Naheed – I will bring my father to you just as soon as he arrives and gets over his jet lag. :) I am eagerly awaiting his arrival tomorrow morning.
Well, good night all. I am off to eat dinner now which will be a combination of the leftovers from the Thai lunch we had and some steamed rice and veggies.
Please keep up with the strong start you have all made to the new year with your blogging.
Speak to you soon,
Tenses used and functions in last post
Ewa did really well here so I am going to quote most of her examples:
1. Past Simple to show a completed action at a particular point in the past
E.g. How did you spend your New Year’s Eve?
2. Present Simple which we use when we talk about things which are factual, or happen repeatedly
E.g. What do you do? /Here she is with Santa Claus
3. Future Simple to indicate a decision made at the time of writing/speaking
E.g. I will give you...
4. Present Perfect simple – in this case to describe a state that began in the past but is still true. (unfinished past)
E.g. We have been here since August 2008
5. Present Perfect continuous to connect the past and present activity
E.g. How long have you been blogging?
6. Past Continuous which we use when we are in the middle of the action at the certain time
E.g. Were you partying...?
7. Present Continuous in this case for future arrangements:
E.g. My father is coming...
Try to suggest alternatives for these extracts from Marcos’ posts and explain your choice of structure/correction:
1. And I never forgot the flag of your country…
2. When I saw you are from Sri Lanka immediately came on my mind: "the country of the little lion".
3. I wish that you help me to write this blog during this month.
4. I am 31 years-old..
5. I am doing Master’s Degree
6. Since the first class I enjoy this language.
posted on Monday, 05 January 2009 | comment on this post
The Coffee Song and off to Una!
Hello all! Great to hear from so many of you but more about that later…
Well, Dad arrived safe and sound and brought with him lots of goodies for us all. It was like a second Christmas. Isabel took to him well and they were soon getting on like a house on fire. Dad has some great ways of breaking the ice with people, whatever the age. Here they are together on our local beach.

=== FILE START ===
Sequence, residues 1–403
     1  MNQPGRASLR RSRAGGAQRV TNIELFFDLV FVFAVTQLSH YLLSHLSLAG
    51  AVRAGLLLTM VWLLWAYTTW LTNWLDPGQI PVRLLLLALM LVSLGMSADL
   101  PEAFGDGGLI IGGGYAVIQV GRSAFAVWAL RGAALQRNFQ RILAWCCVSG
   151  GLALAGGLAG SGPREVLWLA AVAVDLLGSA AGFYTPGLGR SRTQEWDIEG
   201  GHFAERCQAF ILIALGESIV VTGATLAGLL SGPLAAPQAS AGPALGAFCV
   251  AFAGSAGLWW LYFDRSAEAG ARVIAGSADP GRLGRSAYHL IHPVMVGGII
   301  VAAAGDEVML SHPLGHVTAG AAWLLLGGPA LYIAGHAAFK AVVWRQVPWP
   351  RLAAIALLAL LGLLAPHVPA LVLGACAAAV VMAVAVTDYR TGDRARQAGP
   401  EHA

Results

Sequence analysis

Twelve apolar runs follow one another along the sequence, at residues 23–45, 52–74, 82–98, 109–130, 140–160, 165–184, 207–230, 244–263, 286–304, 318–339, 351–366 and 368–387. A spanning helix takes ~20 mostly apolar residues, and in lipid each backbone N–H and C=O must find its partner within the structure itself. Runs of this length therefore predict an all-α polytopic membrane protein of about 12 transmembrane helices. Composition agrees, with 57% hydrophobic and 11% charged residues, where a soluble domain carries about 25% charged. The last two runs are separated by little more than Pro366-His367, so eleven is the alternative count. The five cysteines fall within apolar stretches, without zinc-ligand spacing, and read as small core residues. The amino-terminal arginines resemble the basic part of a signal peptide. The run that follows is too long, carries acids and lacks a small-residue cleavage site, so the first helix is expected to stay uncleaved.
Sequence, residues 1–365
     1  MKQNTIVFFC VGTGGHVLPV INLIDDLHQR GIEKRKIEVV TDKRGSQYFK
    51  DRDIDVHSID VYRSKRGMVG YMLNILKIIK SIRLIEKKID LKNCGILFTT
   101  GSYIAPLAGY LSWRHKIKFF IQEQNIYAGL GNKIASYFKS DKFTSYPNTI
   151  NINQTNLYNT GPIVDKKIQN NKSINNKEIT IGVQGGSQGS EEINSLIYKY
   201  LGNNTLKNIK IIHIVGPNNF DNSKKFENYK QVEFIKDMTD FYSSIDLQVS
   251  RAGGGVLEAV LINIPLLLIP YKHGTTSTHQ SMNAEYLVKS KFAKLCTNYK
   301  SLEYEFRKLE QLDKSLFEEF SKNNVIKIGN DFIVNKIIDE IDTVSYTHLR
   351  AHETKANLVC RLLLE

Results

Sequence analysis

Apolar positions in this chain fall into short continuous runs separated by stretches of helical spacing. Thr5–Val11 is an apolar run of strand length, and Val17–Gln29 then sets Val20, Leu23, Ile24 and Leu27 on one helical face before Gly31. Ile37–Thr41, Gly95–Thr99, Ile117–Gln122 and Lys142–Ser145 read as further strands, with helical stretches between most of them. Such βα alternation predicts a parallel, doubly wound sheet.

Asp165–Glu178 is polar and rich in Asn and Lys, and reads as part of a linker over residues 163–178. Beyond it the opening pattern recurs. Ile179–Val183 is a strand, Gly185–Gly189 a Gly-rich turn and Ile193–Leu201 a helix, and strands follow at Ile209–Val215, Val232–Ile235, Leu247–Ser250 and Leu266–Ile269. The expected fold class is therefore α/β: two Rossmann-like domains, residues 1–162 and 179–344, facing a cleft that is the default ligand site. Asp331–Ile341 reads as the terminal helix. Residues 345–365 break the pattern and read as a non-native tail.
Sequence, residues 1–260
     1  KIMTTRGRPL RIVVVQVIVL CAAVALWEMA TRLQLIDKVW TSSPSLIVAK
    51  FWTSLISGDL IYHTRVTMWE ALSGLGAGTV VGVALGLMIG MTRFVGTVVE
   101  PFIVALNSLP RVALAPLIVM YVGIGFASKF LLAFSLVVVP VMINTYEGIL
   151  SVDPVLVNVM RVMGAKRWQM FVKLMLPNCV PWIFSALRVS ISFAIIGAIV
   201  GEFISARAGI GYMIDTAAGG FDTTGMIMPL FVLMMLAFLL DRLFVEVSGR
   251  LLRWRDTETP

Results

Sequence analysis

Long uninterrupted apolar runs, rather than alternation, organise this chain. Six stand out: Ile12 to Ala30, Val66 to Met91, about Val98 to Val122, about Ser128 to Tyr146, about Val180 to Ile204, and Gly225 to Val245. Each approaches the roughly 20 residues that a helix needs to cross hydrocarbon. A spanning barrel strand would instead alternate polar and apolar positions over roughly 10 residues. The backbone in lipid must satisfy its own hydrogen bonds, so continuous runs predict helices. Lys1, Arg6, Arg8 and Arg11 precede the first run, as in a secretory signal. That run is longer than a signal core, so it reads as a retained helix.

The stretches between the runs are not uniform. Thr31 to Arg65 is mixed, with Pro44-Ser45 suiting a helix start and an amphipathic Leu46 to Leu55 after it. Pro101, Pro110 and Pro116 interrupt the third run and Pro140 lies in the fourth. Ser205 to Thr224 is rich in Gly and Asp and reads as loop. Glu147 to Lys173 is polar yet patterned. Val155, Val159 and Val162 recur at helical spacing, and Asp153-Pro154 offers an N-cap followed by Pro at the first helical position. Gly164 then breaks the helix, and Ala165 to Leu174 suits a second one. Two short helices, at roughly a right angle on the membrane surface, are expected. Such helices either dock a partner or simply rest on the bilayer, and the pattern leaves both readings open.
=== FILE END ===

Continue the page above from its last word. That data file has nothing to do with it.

He also had a few nuggets of information about Brazil I thought were just fascinating so would like to share one of them with you. Marcos, I wonder if you know this song, it’s called The Coffee Song:
Here’s an excerpt from it:
“Way down among Brazilians
Coffee beans grow by the billions
So they’ve got to find those extra cups to fill
They’ve got an awful lot of coffee in brazil
No tea or tomato juice
You’ll see no potato juice
'cos the planters down in Santos all say no no no
A politician's daughter
Was accused of drinking water
And was fined a great big fifty dollar bill
They’ve got an awful lot of coffee in Brazil”…….
You can listen to it on you tube if you Google coffee song it will come up with a link. Apparently, it was written by Hiliard and Miles, made popular by Frank Sinatra in the 1940s or 50s and we are not sure but were speculating as to whether it was when there was a glut of coffee in Brazil or a downfall in demand. Do you know anything about this Marcos? This led us on to discussing the emergence of musicals and feel good factor songs in time of great distress such as war time and economic depression and in the present financial crisis we wondered whether the soaring popularity of the musical Mama Mia could be attributed to the same sentiment. Any thoughts on this? Have you seen this movie? We watched it this evening. It was quite enjoyable, if a bit cringe worthy at times.
Now I have to go finish packing as we are taking a trip down to Una (short for Unawatuna) on the South coast tomorrow morning and we plan to be off by 6.30 am at the latest. Don’t worry - I am taking my lap top and plan to use wi-fi to blog with you all when I am down there and if all else fails I can go to a cyber café. I promise to post pictures and info about this beach haven and more from Dad then too. :)
I will also do a special blog dedicated to answering your questions about language learning and commenting on the last blog and the issues it raised. I must just briefly say though how nice it was to read so many positive comments about the LE blog. I promise the LE team didn’t put me up to it!
Anyway, bye for now and wish me bon voyage – how do you say that in Portuguese – is there an equivalent Marcos?
Answers to last challenge